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Petrol prices may soar to £1.60 a litre! With rising costs, how can you pay off your debts faster?

Petrol prices have hit an all-time high and are forecast to rise further. If you’re already struggling financially, here's how you can reduce your debts. The...
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The RAC reports that average petrol and diesel prices have reached new highs due to the crisis in Ukraine. Petrol prices have risen to £1.49 per litre, beating the previous high of £1.48 set in November 2021. And the outlook is gloomier still, with petrol prices forecast to rise to as much as £1.60.

Escalating petrol prices have added to the general squeeze on the cost of living. Inflation has recently hit a 30-year high, pushing up food and energy costs. And borrowers are facing an increase in the cost of their debt with higher interest rates.

So, how will the escalating situation in Ukraine impact prices at the pump? And if you’re struggling with your finances, what steps can you take to manage credit card debt?


What’s the likely impact on petrol prices?

The UK imports six times more oil and gas from Norway and the US than it does from Russia, according to Statista. But the UK is still dependent on global wholesale prices.

Russia is the second-largest exporter of oil and the top global producer of natural gas. The UK, the US and the EU have threatened to impose severe sanctions if Russia invades Ukraine. This disruption to supply could cause the cost of crude oil to skyrocket according to JP Morgan.

The FT reported that Brent crude oil rose to $100 a barrel earlier this week, its highest price for eight years. A further rise to $120 a barrel could push up petrol prices to over £1.60 a litre. That would increase the cost of filling up a 55-litre family car from £82 to £88.

How can you reduce your fuel costs?

Here are a few suggestions for reducing your petrol consumption:

Watch your speed: you use 18% more fuel driving at 75 mph than you do at 60mph according to the Energy Saving Trust.
Remove roof racks and storage boxes: tests by Consumer Reports show that removing these items when not in use improves fuel economy by 19%.
Check your tyre pressures: underinflated tyres can increase fuel consumption by 5% according to Cars Direct

How can you save money on credit card debt?

According to The Money Charity, the average credit card debt in the UK is more than £2,100 per household. This figure is likely to grow, given rises in the cost of living and interest rates. The Bank of England recently raised its base rate to 0.5% and is forecast to increase it to 1.25% by the end of 2022 according to Capital Economics.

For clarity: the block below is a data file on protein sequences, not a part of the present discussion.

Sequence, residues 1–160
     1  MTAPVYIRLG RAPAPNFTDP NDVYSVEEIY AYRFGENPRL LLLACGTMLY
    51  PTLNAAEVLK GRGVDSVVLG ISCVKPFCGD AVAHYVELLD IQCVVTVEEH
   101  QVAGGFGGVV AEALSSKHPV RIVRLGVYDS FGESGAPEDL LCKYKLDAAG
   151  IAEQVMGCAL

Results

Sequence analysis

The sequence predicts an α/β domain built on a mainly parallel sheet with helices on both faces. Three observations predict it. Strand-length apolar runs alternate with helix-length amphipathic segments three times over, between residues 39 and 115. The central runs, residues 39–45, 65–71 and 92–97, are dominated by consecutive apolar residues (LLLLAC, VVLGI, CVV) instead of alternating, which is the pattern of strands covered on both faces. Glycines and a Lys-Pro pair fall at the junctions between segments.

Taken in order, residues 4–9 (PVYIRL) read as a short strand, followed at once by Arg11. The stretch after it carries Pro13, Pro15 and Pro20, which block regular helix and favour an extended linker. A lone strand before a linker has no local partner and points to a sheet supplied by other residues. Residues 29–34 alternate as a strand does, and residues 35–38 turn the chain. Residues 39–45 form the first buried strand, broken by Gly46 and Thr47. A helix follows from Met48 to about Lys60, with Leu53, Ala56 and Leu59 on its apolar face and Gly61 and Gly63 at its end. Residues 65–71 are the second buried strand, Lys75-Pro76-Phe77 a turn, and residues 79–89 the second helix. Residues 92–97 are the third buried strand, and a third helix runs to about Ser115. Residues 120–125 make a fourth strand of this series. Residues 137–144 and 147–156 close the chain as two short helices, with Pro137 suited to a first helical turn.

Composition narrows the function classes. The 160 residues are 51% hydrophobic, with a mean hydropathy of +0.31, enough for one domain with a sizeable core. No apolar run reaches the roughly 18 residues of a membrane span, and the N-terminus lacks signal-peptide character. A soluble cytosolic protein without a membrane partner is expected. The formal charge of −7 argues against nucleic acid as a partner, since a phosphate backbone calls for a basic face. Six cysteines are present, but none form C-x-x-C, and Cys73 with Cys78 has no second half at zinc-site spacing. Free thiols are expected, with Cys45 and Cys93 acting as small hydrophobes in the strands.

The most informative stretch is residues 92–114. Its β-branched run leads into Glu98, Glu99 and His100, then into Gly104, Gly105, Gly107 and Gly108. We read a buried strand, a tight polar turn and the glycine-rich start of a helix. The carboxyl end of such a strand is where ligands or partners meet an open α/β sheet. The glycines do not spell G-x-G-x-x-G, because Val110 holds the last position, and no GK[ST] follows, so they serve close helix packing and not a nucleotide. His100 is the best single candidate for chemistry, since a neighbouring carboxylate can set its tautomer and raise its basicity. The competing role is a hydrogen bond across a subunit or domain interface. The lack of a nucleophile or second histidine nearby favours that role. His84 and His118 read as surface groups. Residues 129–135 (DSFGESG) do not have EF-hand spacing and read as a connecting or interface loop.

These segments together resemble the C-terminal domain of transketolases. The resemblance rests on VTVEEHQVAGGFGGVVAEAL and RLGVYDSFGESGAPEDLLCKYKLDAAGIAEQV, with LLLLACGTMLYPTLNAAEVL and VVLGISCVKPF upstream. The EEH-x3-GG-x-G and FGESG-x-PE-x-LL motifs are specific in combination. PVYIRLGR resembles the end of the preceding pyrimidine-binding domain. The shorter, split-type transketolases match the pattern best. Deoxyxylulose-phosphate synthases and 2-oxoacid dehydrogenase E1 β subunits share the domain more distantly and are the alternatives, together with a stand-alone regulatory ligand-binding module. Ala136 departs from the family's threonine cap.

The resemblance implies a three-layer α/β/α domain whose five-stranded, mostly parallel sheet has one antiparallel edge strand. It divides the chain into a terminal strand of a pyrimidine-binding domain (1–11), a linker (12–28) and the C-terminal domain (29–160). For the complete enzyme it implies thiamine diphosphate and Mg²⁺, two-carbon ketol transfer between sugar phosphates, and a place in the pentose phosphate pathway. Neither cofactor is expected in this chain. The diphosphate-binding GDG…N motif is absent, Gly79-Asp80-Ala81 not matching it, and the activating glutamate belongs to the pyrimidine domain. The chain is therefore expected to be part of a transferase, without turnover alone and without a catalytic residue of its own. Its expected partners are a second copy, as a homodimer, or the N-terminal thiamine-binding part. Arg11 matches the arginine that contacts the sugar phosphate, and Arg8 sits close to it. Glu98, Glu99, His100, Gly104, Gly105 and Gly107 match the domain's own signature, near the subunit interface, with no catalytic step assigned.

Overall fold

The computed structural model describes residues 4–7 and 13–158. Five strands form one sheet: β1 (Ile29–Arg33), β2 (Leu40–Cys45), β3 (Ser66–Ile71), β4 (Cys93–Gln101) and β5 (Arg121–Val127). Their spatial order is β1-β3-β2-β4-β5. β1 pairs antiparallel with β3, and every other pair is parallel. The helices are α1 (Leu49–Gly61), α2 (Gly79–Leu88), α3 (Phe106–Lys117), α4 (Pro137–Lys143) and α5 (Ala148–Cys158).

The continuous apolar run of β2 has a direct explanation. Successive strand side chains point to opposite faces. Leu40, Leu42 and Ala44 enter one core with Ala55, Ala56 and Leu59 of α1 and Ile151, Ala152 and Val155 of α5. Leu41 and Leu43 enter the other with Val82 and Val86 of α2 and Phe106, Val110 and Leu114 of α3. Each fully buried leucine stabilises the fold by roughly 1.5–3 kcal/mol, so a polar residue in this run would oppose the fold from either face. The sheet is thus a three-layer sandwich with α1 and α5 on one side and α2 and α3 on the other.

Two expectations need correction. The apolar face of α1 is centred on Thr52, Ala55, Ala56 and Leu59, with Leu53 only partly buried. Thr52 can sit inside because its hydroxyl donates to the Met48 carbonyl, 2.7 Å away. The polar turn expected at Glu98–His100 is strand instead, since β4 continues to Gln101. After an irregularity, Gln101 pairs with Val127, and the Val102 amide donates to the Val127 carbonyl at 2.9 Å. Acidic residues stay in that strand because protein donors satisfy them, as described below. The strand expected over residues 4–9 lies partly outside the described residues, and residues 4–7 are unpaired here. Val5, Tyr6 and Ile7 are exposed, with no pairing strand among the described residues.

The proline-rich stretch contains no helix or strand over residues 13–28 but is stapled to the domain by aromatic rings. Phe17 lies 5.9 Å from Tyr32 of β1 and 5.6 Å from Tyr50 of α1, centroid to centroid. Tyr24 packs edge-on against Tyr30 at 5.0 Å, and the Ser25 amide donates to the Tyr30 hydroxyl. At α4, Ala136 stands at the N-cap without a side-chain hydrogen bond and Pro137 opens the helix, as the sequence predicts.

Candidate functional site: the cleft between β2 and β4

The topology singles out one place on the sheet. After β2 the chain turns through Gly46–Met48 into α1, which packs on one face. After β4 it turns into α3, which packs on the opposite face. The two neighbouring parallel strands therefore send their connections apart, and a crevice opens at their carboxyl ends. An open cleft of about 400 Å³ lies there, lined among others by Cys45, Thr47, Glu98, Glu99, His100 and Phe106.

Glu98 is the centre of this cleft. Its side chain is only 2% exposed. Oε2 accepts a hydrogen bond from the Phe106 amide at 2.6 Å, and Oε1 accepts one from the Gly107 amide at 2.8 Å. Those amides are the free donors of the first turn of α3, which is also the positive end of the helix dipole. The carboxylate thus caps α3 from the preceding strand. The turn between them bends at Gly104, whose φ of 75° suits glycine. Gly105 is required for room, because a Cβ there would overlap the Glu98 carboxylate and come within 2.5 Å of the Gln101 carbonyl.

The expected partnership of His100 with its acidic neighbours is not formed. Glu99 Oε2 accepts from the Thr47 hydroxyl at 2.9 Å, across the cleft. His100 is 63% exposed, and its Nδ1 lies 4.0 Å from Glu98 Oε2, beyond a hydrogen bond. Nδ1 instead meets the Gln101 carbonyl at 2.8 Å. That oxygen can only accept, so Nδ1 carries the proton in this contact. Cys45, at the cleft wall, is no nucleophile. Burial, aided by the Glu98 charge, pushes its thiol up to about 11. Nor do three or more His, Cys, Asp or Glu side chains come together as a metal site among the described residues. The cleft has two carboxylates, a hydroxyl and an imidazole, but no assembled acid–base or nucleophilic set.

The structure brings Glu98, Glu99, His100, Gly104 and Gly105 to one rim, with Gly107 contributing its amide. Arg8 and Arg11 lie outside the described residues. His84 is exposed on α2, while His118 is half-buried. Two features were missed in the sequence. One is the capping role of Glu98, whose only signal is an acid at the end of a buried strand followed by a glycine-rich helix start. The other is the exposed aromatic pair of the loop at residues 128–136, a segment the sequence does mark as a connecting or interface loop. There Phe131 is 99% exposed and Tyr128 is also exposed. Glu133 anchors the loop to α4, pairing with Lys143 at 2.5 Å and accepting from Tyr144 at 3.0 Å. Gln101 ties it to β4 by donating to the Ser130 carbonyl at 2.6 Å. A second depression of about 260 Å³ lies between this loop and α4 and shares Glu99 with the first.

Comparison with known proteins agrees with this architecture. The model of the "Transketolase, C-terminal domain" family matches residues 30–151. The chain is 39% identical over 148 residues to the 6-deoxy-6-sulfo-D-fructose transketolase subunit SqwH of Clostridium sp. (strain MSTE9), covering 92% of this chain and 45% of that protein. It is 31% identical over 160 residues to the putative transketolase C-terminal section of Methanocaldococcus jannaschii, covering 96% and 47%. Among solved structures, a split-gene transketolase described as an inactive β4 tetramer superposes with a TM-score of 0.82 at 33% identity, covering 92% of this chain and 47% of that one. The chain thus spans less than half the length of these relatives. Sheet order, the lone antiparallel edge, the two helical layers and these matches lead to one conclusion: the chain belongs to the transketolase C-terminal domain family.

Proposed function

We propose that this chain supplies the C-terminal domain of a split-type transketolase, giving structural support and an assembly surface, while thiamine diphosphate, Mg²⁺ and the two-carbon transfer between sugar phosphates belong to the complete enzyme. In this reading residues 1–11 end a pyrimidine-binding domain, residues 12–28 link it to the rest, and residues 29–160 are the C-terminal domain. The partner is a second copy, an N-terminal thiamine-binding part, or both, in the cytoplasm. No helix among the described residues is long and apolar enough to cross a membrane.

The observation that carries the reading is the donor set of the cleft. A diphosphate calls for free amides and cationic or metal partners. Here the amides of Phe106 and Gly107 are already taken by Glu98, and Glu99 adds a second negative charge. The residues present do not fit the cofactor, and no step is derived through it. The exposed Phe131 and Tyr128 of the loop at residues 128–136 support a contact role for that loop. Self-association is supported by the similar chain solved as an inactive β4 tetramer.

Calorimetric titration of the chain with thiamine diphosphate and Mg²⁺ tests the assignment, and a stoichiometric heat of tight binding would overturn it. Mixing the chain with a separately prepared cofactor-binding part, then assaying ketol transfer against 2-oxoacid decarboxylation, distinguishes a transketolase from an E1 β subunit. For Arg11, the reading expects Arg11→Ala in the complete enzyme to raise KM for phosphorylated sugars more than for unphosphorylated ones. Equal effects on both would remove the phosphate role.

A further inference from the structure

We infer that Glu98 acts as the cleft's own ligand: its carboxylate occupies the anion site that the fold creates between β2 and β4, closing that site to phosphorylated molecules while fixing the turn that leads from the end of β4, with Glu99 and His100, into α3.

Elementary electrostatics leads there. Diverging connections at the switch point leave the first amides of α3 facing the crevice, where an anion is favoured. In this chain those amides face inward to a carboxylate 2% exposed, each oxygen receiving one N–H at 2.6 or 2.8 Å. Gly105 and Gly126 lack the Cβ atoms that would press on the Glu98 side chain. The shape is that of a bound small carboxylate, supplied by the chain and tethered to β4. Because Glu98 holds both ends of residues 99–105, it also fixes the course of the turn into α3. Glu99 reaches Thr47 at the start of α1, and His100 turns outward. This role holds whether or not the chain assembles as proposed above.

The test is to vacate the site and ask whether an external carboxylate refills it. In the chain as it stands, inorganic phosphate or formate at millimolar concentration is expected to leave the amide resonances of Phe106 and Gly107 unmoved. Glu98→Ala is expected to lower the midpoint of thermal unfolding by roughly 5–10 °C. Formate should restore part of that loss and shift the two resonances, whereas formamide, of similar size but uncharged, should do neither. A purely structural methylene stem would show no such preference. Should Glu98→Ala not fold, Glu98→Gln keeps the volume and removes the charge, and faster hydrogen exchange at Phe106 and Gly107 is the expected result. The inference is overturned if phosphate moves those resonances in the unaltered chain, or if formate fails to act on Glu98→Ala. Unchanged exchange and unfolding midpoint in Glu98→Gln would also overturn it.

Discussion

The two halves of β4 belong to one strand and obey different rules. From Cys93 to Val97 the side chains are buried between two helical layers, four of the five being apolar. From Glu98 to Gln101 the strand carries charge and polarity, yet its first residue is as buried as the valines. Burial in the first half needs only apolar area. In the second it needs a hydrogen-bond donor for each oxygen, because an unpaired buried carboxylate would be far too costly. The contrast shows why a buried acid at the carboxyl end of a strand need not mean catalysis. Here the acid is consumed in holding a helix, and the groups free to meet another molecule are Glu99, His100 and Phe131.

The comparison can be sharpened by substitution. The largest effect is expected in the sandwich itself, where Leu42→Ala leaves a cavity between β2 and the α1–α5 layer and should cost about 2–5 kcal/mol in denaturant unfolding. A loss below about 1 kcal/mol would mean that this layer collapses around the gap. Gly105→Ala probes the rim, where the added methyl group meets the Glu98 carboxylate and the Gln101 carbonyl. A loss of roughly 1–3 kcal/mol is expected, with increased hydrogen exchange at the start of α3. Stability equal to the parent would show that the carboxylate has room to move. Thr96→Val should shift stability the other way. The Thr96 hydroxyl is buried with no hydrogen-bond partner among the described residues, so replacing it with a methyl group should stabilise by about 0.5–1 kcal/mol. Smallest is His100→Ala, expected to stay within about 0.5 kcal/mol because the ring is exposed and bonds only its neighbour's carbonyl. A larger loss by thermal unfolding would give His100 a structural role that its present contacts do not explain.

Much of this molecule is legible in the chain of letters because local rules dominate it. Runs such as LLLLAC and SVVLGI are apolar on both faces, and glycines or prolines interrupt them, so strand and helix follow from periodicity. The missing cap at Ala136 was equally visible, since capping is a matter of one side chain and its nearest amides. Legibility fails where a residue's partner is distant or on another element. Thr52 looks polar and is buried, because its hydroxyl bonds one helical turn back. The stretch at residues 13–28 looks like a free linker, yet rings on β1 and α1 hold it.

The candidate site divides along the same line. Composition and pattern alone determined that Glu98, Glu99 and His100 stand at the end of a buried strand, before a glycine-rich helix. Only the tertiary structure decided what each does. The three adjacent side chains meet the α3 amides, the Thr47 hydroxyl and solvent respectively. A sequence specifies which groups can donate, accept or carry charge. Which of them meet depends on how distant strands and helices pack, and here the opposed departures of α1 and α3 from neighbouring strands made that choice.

This is bad news for borrowers, particularly those with high-interest credit cards. If you’re unable to pay off your balance in full each month, interest is added to the balance. Trying to reduce credit card balances can therefore become a vicious cycle.

Here are three steps can you take to help pay off your credit card debt.

1. Look at a balance transfer credit card

A 0% balance transfer card might enable you to transfer an outstanding credit card balance without paying any interest for a fixed period. This may give you the breathing space to start reducing the overall amount you owe. If you’re looking at this option, we’ve written a helpful comparison of our top-rated balance transfer credit cards.

2. Consider a 0% purchase credit card

These cards offer an interest-free period for new purchases. This might free up money to pay off higher-interest credit cards without incurring more interest charges. We’ve provided details of these on our shortlist of top-rated 0% APR credit cards for new purchases.

3. Pay off high-interest credit card balances first

If you have multiple credit cards, it’s better to pay off the higher-interest card balances first. This will reduce the overall interest you’re charged. However, it’s important that you continue to make the minimum payments on other cards. Missing payments may also affect your credit score.

Our credit card repayment calculator can help you to calculate how long it might take to clear your balance based on your interest rate, repayments and outstanding balance.


Take away

Households are already facing significant increases in the cost of living. Rising petrol prices will only make this worse.

If you’re struggling with credit card debt, you may want to think about ways of reducing the interest you’re paying. Our credit card eligibility checker does some of the hard work for you by listing the credit cards you might be eligible for.

The post Petrol prices may soar to £1.60 a litre! With rising costs, how can you pay off your debts faster? appeared first on The Motley Fool UK.

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